SAN FRANCISCO, May 09, 2017 (GLOBE NEWSWIRE) -- Zynga (Nasdaq:ZNGA), a leading social game developer, has made a substantial gift to USC to promote the study of social mobile games, inclusive game production and advancing diversity in the industry. The gift was announced jointly by Frank Gibeau, CEO of Zynga and Tracy Fullerton, Chair of the USC School of Cinematic Arts’ Interactive Media & Games Division and Director of USC Games.  The gift funds three years of class curriculum and an event series of panels and lectures on inclusivity and diversity in the video game industry.  “We’re proud to partner with the USC School of Cinematic Arts to invest in the next generation of social game developers,” said Frank Gibeau, CEO of Zynga. “We’re continually impressed with the USC faculty and inspired by our interactions with students across the campus. USC has always taken a cutting-edge approach to advancing the intersection of entertainment and business innovation, and we’re thrilled to share our unique view on how to blend art and science disciplines in social mobile gaming. As a proud alumni, it’s also rewarding to see a diverse mix of Zynga employees return to USC to share their skills and perspectives on new tech frontiers and career opportunities in gaming.” Zynga’s support will fund a class on creating social mobile games using Zynga’s design methodology. The class will begin in the fall of 2017 and extend through the spring of 2020.  The program will not only advance social mobile game exploration and innovation, but will also incorporate best practices for team building production.  Students from across the USC campus who are interested in innovative game design, as well as inclusivity and diversity in the development of social mobile games will have access to the course. In addition to the class, Zynga will also sponsor an event series covering production, creative, and engineering topics with experts representing an array of disciplines in the social mobile space, including the company’s Women at Zynga employee group. The series kicked off with alumni speakers Anshul Dhawan (Computer Science Games ‘10) and Anna Huerta (Interactive Media & Games ’09 & Rossier ME Educational Psychology & Instructional Technology ‘10), both now long time employees at Zynga.  Students across the USC campus are invited to attend all upcoming events. Tracy Fullerton, Chair of the USC School of Cinematic Art’s Interactive Media & Games Division and Director of USC Games, says, “This gift shows a great commitment on the part of Zynga to some of our shared core values: innovation in games coupled with best practices for inclusive production teams. So many of our alumni are working at Zynga that it’s a natural fit for us to work with them to help more young designers and developers learn these core skills.” As part of its work with the University, Zynga has also partnered with the Marshall School of Business on a Product Management Bootcamp program for MBA candidates. The Bootcamp features seven sessions on social game development covering Product Management fundamentals including product lifecycle and design, A/B testing and product growth strategies. The initial pilot concluded in April 2017 with students participating in the first ever Zynga Product Case Competition at USC. The Zynga PM Bootcamp will continue with a new cohort of students in the Fall of 2017. ABOUT ZYNGA Since its founding in 2007, Zynga's mission has been to connect the world through games. To-date, more than 1 billion people have played Zynga's games across Web and mobile, including FarmVille, Zynga Poker, Words With Friends, Hit it Rich! Slots and CSR Racing. Zynga's games are available on a number of global platforms including Apple iOS, Google Android, Facebook and Zynga.com. The company is headquartered in San Francisco, Calif., and has additional offices in the U.S., Canada, Finland, U.K., Ireland and India. Learn more about Zynga at http://blog.zynga.com or follow us on Twitter and Facebook. ABOUT THE USC SCHOOL OF CINEMATIC ARTS The University of Southern California’s School of Cinematic Arts is one of the leading media schools in the world. Founded in collaboration with the Academy of Motion Picture Arts and Sciences in 1929 over 87 years ago, the USC School of Cinematic Arts has fueled and mirrored the growth of entertainment as an industry and an art form. The School offers comprehensive programs in directing, producing, writing, cinema and media studies, animation and digital arts, production, interactive media and games, all backed by a broad liberal arts education and taught by leading practitioners in each field. Its more than 13,000 alumni are among the world’s most distinguished animators, scholars, teachers, writers, directors, producers, cinematographers, editors, sound experts, video game designers and industry executives. Since 1973 not a year has passed without an alumnus or alumna being nominated for an Academy Award or an Emmy. https://cinema.usc.edu/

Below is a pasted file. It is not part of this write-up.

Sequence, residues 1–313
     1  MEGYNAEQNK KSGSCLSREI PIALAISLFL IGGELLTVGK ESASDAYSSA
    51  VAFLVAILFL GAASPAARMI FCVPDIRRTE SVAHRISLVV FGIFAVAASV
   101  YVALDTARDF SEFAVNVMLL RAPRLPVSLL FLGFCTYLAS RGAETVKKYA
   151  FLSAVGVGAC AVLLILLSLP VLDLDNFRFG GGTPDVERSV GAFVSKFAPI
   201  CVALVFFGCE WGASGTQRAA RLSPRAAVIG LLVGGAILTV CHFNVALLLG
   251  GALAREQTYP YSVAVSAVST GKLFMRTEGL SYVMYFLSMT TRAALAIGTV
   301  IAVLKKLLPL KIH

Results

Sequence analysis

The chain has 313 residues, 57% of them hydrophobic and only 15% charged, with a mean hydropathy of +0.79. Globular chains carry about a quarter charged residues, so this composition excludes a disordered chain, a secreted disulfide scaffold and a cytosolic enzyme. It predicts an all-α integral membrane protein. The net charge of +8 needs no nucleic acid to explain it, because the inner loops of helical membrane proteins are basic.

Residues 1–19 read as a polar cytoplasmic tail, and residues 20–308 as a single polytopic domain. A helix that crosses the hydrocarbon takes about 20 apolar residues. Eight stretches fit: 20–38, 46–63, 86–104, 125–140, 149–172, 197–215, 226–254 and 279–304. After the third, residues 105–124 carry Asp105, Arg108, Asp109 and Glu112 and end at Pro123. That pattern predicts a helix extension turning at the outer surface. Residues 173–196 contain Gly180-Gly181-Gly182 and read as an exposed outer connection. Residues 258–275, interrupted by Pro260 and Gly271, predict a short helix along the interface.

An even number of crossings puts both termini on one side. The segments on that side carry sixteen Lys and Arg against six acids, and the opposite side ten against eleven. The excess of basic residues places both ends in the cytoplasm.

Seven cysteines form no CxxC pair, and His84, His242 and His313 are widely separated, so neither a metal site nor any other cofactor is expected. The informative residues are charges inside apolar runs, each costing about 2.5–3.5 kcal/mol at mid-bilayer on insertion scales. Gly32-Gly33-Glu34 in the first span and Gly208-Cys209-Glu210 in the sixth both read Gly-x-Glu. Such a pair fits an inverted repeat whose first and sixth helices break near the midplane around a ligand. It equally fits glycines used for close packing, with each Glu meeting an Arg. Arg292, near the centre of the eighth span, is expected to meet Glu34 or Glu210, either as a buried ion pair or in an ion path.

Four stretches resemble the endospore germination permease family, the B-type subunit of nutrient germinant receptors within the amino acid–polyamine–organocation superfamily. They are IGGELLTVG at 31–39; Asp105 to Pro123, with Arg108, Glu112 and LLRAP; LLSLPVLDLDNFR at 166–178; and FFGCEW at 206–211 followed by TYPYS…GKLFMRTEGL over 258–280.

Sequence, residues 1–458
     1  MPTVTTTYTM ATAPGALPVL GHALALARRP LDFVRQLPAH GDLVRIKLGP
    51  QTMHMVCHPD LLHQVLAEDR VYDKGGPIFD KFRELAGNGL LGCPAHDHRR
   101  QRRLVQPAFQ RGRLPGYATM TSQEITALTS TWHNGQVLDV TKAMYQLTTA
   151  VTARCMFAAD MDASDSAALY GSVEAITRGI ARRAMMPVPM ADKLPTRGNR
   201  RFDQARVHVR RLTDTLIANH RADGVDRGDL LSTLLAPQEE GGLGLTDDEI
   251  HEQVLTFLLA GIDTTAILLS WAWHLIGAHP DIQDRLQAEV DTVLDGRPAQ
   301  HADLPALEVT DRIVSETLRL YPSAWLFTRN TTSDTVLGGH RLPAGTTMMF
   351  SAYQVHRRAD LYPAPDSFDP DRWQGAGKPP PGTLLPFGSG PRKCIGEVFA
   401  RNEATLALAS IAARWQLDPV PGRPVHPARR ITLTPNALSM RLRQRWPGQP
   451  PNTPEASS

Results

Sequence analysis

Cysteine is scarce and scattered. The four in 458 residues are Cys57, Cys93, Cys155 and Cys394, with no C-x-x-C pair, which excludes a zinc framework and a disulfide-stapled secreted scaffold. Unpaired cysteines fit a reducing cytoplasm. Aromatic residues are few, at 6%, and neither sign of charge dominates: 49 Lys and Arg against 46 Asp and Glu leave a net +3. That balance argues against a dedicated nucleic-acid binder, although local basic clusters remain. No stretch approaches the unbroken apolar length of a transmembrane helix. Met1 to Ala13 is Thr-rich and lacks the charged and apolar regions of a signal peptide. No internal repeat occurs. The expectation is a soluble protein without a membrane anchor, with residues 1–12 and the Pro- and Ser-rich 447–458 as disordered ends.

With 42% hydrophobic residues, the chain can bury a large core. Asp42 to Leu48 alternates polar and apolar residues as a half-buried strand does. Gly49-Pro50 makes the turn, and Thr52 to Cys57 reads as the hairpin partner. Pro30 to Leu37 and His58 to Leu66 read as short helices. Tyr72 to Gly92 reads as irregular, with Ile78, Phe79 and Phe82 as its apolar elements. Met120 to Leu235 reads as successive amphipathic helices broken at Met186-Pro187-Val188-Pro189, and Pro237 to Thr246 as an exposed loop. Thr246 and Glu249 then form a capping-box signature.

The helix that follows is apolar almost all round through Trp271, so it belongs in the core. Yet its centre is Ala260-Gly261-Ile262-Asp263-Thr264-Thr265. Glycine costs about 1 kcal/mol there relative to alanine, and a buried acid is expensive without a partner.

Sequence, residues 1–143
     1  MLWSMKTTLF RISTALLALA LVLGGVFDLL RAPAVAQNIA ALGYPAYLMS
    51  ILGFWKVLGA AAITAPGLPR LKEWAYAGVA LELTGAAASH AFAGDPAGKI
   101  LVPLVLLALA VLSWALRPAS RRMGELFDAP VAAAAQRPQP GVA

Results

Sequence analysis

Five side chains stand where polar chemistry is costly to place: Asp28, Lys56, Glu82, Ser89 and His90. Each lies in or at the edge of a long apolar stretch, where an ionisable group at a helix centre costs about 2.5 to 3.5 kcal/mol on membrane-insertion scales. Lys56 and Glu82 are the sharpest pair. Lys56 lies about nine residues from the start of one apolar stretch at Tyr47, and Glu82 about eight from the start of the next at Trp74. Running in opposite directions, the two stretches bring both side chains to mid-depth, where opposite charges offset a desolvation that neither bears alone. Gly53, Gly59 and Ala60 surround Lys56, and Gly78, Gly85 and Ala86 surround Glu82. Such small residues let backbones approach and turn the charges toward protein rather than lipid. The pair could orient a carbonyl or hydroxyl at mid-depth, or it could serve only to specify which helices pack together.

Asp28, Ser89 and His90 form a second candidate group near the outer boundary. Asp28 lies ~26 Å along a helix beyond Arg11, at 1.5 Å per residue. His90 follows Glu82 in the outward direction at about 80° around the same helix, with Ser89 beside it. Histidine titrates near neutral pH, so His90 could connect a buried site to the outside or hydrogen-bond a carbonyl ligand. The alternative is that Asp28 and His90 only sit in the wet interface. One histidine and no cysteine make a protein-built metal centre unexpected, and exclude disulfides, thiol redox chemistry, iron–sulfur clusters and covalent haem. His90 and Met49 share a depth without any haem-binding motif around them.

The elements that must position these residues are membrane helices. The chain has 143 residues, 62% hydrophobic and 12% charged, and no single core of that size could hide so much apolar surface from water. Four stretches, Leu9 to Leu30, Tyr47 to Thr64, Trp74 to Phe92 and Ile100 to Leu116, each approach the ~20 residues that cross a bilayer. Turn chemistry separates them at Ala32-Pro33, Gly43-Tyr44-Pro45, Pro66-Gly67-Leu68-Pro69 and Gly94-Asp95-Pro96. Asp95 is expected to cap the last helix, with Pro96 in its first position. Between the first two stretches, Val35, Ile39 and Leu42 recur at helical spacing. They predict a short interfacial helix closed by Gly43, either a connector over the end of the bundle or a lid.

WOONSOCKET, Rhode Island, 10 de mayo de 2017 /PRNewswire-HISPANIC PR WIRE/ -- CVS Health (NYSE: CVS) divulgó hoy su décimo Reporte de Responsabilidad Social Corporativa (CSR) anual, titulado Receta para un Mundo Mejor, que ofrece actualizaciones sobre el progreso de los objetivos de CSR...